Chemical structures of kratom alkaloids speciofoline, mitragynine, and 7-hydroxymitragynine

Study Confirms That Kratom’s Effects Vary

In a new study, researchers have confirmed what many kratom users have experienced for themselves: that the plant’s effects can vary depending on the product in question.

Kratom naturally contains over 40 alkaloids — a class of organic compounds that are responsible for the plant’s effects. (Brown et al., 2017, pg 305) But the balance of these kratom alkaloids can vary from product to product. The study’s authors set out to explore what these alkaloid differences might mean for kratom users.

After analyzing over 50 commercial kratom products, the researchers confirmed that alkaloid content “… is highly variable in genetically similar kratom plant material.” (Todd et al., 2020, pg 8) They also noted that “… individuals who self-administer kratom tea to treat pain, addiction, or depression might achieve very different results depending on the alkaloid profile of the product that they use.” (pg 8)

As expected, the kratom samples they tested contained varying levels of mitragynine and 7-hydroxymitragynine, which are often considered kratom’s primary alkaloids. (pg 3) But the researchers also found that the test samples contained wildly varying levels of another alkaloid, speciofoline.

While the mitragynine content of the samples varied by fourfold, “the speciofoline content varied by more than 90-fold.” (pg 3) The alkaloid disparity was so high that the researchers grouped the samples into two categories: those with high levels of speciofoline and those with low levels.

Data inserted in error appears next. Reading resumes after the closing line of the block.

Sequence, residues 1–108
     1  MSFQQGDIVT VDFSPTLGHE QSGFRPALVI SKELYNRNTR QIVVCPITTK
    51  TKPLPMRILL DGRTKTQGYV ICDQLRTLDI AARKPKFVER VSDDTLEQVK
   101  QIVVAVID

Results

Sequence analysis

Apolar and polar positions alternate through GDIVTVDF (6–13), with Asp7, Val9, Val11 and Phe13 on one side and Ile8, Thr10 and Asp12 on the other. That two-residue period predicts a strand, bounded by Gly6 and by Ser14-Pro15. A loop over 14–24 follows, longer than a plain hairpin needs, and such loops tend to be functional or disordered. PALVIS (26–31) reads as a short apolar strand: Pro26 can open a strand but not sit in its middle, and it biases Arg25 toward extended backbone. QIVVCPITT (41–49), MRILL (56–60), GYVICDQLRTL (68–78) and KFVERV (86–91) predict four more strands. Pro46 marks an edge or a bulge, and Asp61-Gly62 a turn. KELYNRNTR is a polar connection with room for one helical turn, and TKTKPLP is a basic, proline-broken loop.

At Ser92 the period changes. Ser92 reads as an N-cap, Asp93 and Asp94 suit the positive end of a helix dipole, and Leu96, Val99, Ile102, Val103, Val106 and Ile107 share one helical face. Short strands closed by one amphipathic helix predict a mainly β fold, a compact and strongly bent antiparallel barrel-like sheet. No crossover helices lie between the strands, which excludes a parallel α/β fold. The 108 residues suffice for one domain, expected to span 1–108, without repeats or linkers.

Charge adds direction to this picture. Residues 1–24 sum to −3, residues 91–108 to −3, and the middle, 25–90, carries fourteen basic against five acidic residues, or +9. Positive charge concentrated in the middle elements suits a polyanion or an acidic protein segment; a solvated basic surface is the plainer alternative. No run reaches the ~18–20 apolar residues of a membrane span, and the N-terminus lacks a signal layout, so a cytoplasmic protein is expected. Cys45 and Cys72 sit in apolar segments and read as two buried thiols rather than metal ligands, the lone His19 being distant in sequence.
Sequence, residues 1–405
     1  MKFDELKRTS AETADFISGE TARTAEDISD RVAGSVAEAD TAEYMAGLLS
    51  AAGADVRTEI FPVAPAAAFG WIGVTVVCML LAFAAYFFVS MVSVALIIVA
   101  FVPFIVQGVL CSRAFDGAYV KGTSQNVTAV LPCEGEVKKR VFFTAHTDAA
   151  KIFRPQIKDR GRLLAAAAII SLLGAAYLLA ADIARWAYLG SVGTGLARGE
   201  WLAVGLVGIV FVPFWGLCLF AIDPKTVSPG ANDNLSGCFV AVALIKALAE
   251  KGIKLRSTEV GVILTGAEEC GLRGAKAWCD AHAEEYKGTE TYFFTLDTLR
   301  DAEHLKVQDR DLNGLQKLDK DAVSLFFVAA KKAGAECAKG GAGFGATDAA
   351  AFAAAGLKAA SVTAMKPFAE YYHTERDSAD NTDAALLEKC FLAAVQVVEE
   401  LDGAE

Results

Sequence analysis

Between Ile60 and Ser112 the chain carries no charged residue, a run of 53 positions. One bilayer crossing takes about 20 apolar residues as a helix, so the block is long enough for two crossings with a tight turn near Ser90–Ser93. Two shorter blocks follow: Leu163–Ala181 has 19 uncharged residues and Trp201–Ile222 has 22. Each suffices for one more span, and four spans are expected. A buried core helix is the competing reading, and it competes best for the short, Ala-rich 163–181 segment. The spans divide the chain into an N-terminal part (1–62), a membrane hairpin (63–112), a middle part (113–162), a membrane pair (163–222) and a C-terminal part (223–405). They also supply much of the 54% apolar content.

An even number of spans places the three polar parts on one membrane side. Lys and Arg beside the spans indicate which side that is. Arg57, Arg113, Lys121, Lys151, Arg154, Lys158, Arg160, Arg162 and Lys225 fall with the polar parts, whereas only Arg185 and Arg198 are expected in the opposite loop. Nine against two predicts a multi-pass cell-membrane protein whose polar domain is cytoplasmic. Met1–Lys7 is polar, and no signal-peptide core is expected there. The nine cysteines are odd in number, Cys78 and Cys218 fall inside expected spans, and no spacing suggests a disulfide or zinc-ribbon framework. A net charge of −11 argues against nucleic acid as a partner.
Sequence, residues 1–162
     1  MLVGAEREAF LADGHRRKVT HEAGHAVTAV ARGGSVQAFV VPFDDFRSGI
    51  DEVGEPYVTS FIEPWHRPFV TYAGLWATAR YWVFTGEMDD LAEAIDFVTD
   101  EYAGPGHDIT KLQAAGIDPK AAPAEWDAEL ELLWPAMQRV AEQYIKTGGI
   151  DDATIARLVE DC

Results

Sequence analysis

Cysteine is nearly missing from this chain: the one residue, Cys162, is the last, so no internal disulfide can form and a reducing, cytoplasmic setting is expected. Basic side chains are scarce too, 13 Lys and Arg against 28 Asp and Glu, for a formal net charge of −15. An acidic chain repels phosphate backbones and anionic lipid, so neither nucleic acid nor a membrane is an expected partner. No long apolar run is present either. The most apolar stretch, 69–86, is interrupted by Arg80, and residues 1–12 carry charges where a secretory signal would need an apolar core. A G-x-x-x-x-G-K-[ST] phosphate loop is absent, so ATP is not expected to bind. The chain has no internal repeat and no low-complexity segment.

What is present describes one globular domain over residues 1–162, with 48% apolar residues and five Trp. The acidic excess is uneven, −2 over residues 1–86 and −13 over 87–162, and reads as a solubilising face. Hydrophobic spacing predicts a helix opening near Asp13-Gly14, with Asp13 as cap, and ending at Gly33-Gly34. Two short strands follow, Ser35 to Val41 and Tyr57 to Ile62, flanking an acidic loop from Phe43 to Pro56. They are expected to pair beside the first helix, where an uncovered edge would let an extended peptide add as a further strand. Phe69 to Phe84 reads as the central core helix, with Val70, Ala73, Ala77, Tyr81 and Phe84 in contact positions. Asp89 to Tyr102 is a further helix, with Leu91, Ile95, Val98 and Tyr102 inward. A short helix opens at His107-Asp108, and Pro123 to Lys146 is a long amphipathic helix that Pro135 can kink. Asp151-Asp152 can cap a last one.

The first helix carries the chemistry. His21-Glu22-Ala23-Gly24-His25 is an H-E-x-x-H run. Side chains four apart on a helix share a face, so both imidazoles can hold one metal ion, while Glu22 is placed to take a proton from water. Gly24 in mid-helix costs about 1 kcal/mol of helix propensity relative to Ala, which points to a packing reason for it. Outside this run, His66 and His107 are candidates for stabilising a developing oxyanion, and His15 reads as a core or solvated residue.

However, the researchers were unsure what role, if any, speciofoline plays in kratom’s effects. In their tests, speciofoline “did not exhibit appreciable affinity for any of the opioid receptors.” (pg 5) In contrast, both mitragynine and 7-hydroxymitragynine are known to interact with opioid receptors. As a result, the researchers emphasized that future studies should explore speciofoline’s properties more thoroughly. (pg 6)

After noting the samples’ alkaloid differences, the researchers suspected that they contained non-kratom plant matter. After all, the kratom plant (mitragyna speciosa) has many close relatives with similar alkaloids, such as Mitragyna diversifolia, Mitragyna hirsuta, and Mitragyna rotundifolia. The researchers theorized that plant matter from these trees could’ve been added to their products during production and potentially skewed their results. (pg 3-5)

To test this theory, the researchers analyzed the genetic makeup of their samples, including three commercial kratom products and a young cultivated kratom plant. (pg 5, Table 1) But their test results revealed that the samples “… had ≥99% sequence similarity with M. speciosa” (pg 5), confirming that the majority of the tested products were, in fact, kratom.

As a result, the researchers noted that kratom’s varying alkaloid content “… is not due to misidentification of species or substitution.” Instead, the phenomenon could be explained by “… a number of other factors including plant age, growing conditions, and processing methods.” (pg 5)

The study’s conclusions are at odds with the experiences of some kratom users, who have commented that all kratom is alike and that there are no discernable differences between kratom products. The study is freely available to read in its entirety and can be viewed online here.

Works Cited:

Todd, D. A., Kellogg, J. J., Wallace, E. D., Khin, M., Flores-Bocanegra, L., Tanna, R. S., McIntosh, S., Raja, H. A., Graf, T. N., Hemby, S. E., Paine, M. F., Oberlies, N. H., & Cech, N. B. (2020). Chemical composition and biological effects of kratom ( Mitragyna speciosa ): In vitro studies with implications for efficacy and drug interactions. Scientific Reports, 10(1), 19158. https://doi.org/10.1038/s41598-020-76119-w Download
Brown, P. N., Lund, J. A., & Murch, S. J. (2017). A botanical, phytochemical and ethnomedicinal review of the genus Mitragyna korth: Implications for products sold as kratom. Journal of Ethnopharmacology, 202, 302–325. https://doi.org/10.1016/j.jep.2017.03.020